Thursday, February 8, 2024

Robert M. Solow, Groundbreaking Economist and Nobelist, Dies at 99


Robert M. Solow, Groundbreaking Economist and Nobelist, Dies at 99

 Robert Solow, wearing a white dress shirt and tie but no jacket, talks on the phone while sitting in a chair in a very cluttered office. He has glasses and is smiling broadly. 

Robert M. Solow in 1987, when he won the Nobel Memorial Prize in Economic Sciences. 

Photo Credit: Mark Lennihan/Associated Press


Robert M. Solow, who won a Nobel in economic science in 1987 for his theory that advances in technology, rather than increases in capital and labor, have been the primary drivers of economic growth in the United States, died on Thursday at his home in Lexington, Mass. He was 99.

His son John confirmed the death.

Professor Solow (pronounced solo) taught at the Massachusetts Institute of Technology, where he and a fellow Nobel laureate, Paul A. Samuelson, forged the M.I.T. style of economic analysis, which emerged as a leading approach in the second half of the 20th century and played an important role in economic policymaking.

His work demonstrated the power of bringing mathematics to bear on important economic debates and simplifying the analysis by focusing on a small number of variables at a time.

Beyond the impact of his own research, Professor Solow helped launch the careers of a stunning number of future superstar economists, including four Nobel laureates: Peter Diamond, Joseph E. Stiglitz, William D. Nordhaus and George A. Akerlof. “My pride and joy,” Professor Solow said.


The affection was reciprocated. In an interview for this obituary in 2013, Alan S. Blinder, a Princeton University economics professor, a former deputy chairman of the Federal Reserve Board and a Solow pupil, said, “All his former students idolize him — all, with no exceptions.

Professor Solow received the John Bates Clark Medal in 1961 as the finest American economist under 40 and the National Medal of Science in 1999; he was one of the few economists to receive that honor. In 2014, President Barack Obama awarded him the Presidential Medal of Freedom, the nation’s highest civilian honor.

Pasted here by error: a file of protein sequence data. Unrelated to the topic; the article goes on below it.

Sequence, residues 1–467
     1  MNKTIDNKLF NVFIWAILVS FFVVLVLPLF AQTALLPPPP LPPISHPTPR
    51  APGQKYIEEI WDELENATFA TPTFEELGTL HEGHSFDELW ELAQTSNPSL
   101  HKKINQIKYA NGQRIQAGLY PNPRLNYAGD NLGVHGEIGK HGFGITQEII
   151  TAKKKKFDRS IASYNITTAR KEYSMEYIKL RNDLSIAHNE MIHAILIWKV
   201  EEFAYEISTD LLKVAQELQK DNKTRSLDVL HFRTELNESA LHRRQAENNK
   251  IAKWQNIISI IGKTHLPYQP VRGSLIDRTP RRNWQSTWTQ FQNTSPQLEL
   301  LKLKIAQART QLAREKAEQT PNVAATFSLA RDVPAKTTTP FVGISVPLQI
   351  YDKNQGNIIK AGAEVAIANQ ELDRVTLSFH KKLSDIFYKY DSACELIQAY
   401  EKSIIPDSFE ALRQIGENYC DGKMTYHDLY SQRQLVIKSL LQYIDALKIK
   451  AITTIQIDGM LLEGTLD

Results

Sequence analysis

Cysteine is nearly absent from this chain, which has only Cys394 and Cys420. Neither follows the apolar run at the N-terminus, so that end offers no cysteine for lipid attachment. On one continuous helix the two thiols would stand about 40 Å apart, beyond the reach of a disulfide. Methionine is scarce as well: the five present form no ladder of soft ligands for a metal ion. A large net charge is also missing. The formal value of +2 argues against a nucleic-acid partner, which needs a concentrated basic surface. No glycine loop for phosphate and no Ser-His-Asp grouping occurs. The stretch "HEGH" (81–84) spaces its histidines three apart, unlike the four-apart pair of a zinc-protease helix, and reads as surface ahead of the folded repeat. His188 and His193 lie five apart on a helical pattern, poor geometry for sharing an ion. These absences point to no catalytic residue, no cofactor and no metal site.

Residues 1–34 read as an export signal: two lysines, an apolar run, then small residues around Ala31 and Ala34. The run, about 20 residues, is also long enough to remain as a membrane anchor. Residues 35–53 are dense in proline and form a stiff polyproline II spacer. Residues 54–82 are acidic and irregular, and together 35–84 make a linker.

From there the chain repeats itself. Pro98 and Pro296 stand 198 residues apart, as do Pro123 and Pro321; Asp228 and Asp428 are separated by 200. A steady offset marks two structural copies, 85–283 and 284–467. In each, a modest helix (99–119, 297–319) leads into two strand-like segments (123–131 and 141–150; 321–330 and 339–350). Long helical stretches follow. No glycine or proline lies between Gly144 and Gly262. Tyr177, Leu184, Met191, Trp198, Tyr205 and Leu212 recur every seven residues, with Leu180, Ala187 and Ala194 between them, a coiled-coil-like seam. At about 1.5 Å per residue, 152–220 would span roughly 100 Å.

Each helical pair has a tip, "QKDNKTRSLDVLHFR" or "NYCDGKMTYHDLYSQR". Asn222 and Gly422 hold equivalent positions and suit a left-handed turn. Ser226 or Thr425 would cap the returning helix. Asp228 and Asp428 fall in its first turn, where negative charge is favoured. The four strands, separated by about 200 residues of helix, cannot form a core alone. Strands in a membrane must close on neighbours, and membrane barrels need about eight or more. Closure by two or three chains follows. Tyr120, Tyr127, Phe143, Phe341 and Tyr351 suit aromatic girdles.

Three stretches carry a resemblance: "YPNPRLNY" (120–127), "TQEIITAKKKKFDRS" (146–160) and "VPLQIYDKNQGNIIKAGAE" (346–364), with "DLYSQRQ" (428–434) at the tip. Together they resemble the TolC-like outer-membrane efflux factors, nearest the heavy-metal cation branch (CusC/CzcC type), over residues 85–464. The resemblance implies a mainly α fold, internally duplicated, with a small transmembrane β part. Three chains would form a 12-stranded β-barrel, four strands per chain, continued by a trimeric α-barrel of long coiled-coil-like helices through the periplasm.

Professor Solow’s research on economic growth became the model by which economists, well beyond the confines of M.I.T., came to practice their craft. For a century or more they simply “knew” that growth of capital and labor determined economic growth. But Professor Solow could not find data to confirm that common-sense presumption.

Besides, academic theories of economic growth that predated his writings had the discomforting implication that capitalist economies were always teetering between boom and bust. He observed that “the history of capitalism didn’t look like that.”

So what did explain growth? Entrepreneurs? Geography? Legal institutions? Something else?

“I discovered to my great surprise that the main source of growth was not capital investment but technological change,” Professor Solow said in an interview in 2009, also for this obituary. Specifically, he estimated that technical progress accounted for a surprising 80 percent of 20th-century American growth. He later pointed to Silicon Valley as a validation of his theory.


Professor Solow’s strategy — his gimmick, he liked to say — was to pick out one thing of special interest and simplify the role of everything else. The goal was to understand completely the role of a “little piece of the puzzle.” This strategy of inquiry came to be known as building “toy models.”

In analyzing economic growth, he singled out technological progress (the ability of society to translate inputs of capital and labor into outputs of goods and services) as independent from the other key variables, including population growth and returns on capital.

He devised a graph with two curves. One captured his simplifying assumption that population growth and technological knowledge rise at a constant rate over time. The second one captured his all-important assumption that the economic impact of adding more and more capital gets weaker and weaker. Adding capital to an economy drives up total output, but each additional dollop of capital drives up output by less than the previous dollop did.

Put the two curves on the same graph and a powerful theory of growth emerged. Professor Solow showed that higher savings and investment would indeed make individuals richer on average — the level of income per person would rise. But the added savings and investment would not affect the economy’s long-term rate of growth. The impact of additional savings on permanent growth rates peters out in a way that, under Professor Solow’s assumption, the impacts of population and technical knowledge do not.

Out went 100 years of often fruitless, meandering debate. Professor Solow’s simple graph refocused the argument, providing a clear path to cause-and-effect statements about past and future growth. He published his growth model in 1956. At that point, he had provided an elegant theory. A year later, he presented evidence.


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